Osteoid osteomas are painful benign bone tumours usually less than 1.5cm in diameter which occur mostly in adolescents and young adults, and are rare in patients over the age of 40 years.
The pain is well localised and may be more severe at night and it is often relieved by NSAIDs. Osteoid osteomas are vascular tumours and anything that promotes vasodilatation, such as alcohol, can cause an increase in pain. They occur most commonly in the proximal femur (upper part of the thigh bone) and the shafts of other long bones. They also occur less often in the bones of the foot and ankle and in the spine.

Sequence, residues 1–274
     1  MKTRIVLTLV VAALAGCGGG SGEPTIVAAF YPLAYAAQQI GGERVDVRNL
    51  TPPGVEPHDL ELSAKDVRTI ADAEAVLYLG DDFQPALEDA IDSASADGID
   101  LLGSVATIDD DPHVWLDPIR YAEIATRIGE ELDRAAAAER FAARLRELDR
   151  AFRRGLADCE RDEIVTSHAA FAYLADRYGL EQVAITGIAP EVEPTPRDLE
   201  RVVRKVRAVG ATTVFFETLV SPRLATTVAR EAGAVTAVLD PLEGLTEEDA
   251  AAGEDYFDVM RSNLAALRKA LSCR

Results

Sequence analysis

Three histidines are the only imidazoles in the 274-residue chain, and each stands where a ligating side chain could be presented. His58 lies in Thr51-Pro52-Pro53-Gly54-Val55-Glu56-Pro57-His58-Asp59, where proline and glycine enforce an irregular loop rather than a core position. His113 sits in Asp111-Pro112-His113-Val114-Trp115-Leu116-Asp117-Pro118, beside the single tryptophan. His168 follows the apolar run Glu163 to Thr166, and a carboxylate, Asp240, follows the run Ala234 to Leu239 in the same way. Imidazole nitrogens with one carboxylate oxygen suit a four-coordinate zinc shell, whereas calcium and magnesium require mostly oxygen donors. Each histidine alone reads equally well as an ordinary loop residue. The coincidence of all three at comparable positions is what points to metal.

The NICE approved treatment of choice for the management of osteoid osteomas is radiofrequency ablation (RFA). In this technique a radiofrequency probe is directed into the osteoid osteoma under image guidance, usually by CT, and after checking its position the tumour is destroyed by thermal energy from the radiofrequency probe. Using RFA, around three out of four patients get a good response after one treatment session, and more than nine out of ten get a good response after one or two sessions. The risk of complications from RFA for osteoid osteoma is low.